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I leave my MacBook Pro on my desk nearly all the time, connected to the charger with the lid closed, connected to an external display. I've heard this is bad for the battery health, and everyone in my office have to replace swollen batteries every couple of years. I want to regularly discharge the battery, per Apple's recommendation, but I don't want to physically unplug it because that temporarily turns off the external monitor, and then I have to reconnect the monitor. So I am looking for a software method of disabling the power input, to force the laptop to discharge its battery to 20% and then re-enable the power input.

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    You got an Apple "recommendation" from the "Internet Way back Machine" which dates the article around 2011 - 7 years ago. Batteries have changed significantly since then. – Allan May 15 '18 at 0:17
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    Possible duplicate of Battery Full Alert – Allan May 15 '18 at 0:19
  • It's possible that old advice no longer applies, but it's still a good question, and not a duplicate of that one at all. – Elliott May 15 '18 at 0:26
  • If you look at the recent version of the page at apple.com/batteries/maximizing-performance you won't find the recommendation to discharge any longer. – nohillside May 15 '18 at 5:37
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Short answer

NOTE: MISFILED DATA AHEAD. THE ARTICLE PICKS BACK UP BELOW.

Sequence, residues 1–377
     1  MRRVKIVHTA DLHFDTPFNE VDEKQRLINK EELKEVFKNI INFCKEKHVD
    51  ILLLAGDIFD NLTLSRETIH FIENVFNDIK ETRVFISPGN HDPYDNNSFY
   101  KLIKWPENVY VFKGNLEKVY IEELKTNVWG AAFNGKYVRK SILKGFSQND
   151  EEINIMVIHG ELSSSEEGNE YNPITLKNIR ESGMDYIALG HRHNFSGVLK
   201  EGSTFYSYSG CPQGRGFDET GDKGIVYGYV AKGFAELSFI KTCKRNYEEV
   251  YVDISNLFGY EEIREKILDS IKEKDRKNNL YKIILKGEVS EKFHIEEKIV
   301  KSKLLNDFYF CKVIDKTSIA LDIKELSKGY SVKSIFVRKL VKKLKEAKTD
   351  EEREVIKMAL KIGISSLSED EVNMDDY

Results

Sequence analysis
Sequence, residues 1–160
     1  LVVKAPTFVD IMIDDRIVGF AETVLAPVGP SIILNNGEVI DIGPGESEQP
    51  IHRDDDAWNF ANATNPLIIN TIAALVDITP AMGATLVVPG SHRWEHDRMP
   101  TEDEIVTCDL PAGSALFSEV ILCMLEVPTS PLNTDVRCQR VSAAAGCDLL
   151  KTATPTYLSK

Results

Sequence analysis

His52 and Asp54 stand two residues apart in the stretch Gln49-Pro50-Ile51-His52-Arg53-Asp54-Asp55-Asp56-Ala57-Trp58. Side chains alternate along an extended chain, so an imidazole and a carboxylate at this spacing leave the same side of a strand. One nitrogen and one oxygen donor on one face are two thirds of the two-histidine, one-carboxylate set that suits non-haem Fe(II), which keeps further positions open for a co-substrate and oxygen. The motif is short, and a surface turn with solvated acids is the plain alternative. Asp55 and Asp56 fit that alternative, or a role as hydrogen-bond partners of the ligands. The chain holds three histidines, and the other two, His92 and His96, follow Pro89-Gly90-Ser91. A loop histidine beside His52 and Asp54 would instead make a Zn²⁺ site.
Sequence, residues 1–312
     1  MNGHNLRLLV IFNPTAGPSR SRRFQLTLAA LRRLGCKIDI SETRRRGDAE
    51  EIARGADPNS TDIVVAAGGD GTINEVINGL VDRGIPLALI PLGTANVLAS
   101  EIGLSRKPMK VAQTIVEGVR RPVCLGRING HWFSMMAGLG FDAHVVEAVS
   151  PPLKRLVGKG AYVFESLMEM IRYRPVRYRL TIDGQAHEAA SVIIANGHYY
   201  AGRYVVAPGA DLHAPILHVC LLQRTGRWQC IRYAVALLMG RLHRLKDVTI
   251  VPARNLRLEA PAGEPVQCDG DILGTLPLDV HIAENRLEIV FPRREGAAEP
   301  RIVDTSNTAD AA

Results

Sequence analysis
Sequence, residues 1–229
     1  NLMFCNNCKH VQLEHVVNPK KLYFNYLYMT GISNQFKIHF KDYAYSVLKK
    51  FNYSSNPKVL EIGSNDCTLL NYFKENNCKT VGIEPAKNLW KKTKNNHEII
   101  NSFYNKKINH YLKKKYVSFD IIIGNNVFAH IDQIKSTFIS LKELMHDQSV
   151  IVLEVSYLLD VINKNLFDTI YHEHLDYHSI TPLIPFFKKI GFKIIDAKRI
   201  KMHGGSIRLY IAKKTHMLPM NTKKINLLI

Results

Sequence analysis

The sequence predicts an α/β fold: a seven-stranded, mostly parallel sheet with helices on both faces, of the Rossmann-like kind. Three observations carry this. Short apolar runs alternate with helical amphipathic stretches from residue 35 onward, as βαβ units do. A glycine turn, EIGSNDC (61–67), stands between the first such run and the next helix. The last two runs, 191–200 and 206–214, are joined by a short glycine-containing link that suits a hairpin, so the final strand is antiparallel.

To the best of my knowledge there's no consumer software capable of doing this.

Long answer

Using software to disable the power input until your MBP is discharged to a certain level wouldn't actually achieve your ultimate goal (i.e. avoiding your external monitor from being temporarily disconnected).

That's because disabling the AC power input (or more specifically, switching it from AC to DC) is exactly what's causing your external monitor to behave in this way, and there's no way for the hardware to discern why the AC power input is gone. In other words, it's not capable of telling the difference between an AC source being switched off, a power lead being unplugged, or some software just disabling the AC power input.

The only other way to try to achieve this is to get your MacBook Pro to use more power than what the charger is supplying for a period of time. While that's theoretically possible, in practice it's just not going to happen without something that will also act to override the System Management Controller (SMC).

To explain that a little further, to get your MBP to try and use more power than is being supplied would involve stressing out the hardware, at which point the SMC kicks in to protect it, so any software would need to try and bypass the SMC as well. While it is possible to bypass some functions of the SMC, I really wouldn't recommend it, and in this case it's likely to cause much greater long-term problems than a swollen battery or a short-term problem like a disconnected external screen.

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